At one level these ratings agencies have power, which some might say they misused and helped cause the current crisis. But at another level these agencies are to some extent just stating the obvious, they downgraded Greece and Portugal long after the market had priced their debt at a lower level. You can insure your debt against default and the price of this insurance is a good estimate of actual rating of the bond. The rating agencies lower or raise their ratings in response to changes in the cost of the insurance. Complaining about rating agencies is at one level complaining about the messenger.

    As an aside, I cannot see in a sane word how the US can possibly default, as they can always just print more of their currency to avoid default. There are only a handful of countries which have the luxury of borrowing in their own currency, the UK being one of them. If we lose our AAA credit rating we could lose that privilege and that would be very costly. A US default would therefore be a political choice, one which the agency thinks after observing the recent farce in the US over the debt ceiling they think is a little more likely.

    1. Yes, they are in some ways the messengers, but the problem is that they’re also seen as guardian of a sort, keeping an eye on risk and informing the markets. They have failed in that task in every way, pricing up risky investments as triple A and failing to spot troubled assets in time.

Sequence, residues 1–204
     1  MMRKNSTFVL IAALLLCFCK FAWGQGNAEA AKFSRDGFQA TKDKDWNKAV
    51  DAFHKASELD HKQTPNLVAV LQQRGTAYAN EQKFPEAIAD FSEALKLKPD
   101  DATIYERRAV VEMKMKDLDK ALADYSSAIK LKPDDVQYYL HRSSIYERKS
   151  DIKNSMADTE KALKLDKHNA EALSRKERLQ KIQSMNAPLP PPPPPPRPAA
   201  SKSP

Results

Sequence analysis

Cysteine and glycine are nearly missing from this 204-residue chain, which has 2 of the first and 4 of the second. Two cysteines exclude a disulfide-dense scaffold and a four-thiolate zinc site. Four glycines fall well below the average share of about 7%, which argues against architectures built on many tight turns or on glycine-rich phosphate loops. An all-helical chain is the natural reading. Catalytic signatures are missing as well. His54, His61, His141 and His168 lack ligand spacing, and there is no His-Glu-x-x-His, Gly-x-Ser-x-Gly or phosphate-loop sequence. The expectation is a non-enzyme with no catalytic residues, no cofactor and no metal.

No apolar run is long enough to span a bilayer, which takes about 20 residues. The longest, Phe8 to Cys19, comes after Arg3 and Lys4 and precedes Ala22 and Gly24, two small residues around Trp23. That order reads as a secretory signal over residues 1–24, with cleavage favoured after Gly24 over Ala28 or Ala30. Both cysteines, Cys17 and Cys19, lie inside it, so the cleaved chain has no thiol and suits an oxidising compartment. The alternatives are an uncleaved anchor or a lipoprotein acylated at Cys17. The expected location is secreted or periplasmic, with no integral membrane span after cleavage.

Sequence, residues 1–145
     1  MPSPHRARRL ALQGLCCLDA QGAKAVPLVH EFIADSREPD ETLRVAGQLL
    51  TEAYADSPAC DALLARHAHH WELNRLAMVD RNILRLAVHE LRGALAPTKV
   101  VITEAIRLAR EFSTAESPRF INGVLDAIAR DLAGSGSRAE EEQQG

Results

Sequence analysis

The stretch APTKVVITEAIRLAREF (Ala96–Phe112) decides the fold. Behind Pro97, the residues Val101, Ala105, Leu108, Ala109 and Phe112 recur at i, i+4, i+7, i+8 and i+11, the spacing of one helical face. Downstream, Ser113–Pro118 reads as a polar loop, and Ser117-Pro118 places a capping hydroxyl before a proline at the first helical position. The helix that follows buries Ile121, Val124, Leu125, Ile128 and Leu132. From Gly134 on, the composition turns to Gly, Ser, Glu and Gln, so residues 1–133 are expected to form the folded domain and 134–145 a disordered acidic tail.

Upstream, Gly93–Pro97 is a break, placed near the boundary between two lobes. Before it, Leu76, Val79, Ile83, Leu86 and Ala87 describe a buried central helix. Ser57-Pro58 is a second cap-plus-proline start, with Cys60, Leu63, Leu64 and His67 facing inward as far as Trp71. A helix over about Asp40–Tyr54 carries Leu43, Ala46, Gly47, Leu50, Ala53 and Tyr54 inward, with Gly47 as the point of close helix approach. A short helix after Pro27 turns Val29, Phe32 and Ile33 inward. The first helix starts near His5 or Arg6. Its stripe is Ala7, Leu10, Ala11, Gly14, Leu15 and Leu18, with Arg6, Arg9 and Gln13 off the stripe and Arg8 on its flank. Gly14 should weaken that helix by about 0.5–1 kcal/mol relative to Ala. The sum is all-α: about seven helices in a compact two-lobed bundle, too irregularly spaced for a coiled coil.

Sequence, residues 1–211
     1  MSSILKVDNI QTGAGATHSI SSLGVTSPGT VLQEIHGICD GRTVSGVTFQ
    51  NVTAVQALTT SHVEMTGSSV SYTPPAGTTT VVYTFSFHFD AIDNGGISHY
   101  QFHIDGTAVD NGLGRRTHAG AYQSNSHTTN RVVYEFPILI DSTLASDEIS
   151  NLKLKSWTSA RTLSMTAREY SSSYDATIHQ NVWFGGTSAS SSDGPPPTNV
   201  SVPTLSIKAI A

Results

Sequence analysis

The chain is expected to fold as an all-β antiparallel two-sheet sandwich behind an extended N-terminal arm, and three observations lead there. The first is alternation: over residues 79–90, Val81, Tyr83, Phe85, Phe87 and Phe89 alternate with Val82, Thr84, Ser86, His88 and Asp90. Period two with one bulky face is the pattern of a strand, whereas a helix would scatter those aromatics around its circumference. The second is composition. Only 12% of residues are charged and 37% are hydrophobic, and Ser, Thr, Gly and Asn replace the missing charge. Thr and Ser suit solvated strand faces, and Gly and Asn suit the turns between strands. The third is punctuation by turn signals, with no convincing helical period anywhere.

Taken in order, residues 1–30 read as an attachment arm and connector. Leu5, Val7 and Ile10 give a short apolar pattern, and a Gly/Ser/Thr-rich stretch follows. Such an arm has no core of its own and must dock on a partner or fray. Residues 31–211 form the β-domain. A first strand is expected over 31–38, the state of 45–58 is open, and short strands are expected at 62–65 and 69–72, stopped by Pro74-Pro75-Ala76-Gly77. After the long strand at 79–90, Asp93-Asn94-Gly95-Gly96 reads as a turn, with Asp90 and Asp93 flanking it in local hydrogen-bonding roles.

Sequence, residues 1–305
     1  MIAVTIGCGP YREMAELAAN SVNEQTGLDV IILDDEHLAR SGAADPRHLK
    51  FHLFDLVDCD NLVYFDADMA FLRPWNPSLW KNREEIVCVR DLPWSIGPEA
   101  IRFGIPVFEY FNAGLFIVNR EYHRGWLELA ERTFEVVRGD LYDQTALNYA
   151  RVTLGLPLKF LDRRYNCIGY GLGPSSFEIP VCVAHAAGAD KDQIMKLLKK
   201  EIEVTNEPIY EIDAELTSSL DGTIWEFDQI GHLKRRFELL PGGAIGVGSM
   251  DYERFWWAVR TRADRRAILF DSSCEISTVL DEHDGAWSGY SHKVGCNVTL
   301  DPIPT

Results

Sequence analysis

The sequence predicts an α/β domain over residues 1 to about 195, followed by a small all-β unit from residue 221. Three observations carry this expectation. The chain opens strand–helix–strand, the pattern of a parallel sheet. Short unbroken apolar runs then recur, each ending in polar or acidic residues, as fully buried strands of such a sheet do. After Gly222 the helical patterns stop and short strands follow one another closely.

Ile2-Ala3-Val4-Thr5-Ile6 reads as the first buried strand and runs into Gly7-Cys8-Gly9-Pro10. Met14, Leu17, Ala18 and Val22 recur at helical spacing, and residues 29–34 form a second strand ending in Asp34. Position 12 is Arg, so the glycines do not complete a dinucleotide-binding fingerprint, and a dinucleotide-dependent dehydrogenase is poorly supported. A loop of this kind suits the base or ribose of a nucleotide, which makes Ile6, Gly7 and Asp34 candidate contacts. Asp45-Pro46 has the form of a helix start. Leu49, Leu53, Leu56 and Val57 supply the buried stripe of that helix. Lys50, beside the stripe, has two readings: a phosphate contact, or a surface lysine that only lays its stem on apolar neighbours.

Some of the ratings system may be based on the cost of insurance, but it works the other way too: an insurance company can use credit ratings to decide how to price insurance. That was the problem with derivatives during the financial crisis, where mortgage pools were sliced, bad loans mixed with good ones and rated far too highly, then speculated on through credit default swaps. That’s what brought down the insurer AIG.

      PS – yes, I agree with you that if the US defaults, it’s far more likely to be a political choice rather than an economic necessity.

  2. The cost of insurance is related to price of the countries bonds, if the market thinks there is only a 50% probabiliy Greece will pay it’s debts the bonds will be priced at 50% of their nominal.

    Countries are in some ways no different from individuals, if you want a loan from your bank you have to do what it tells you. If you don’t like this then we need to stop borrowing anymore money, then we can ignore whatever the ratings agencies tell us.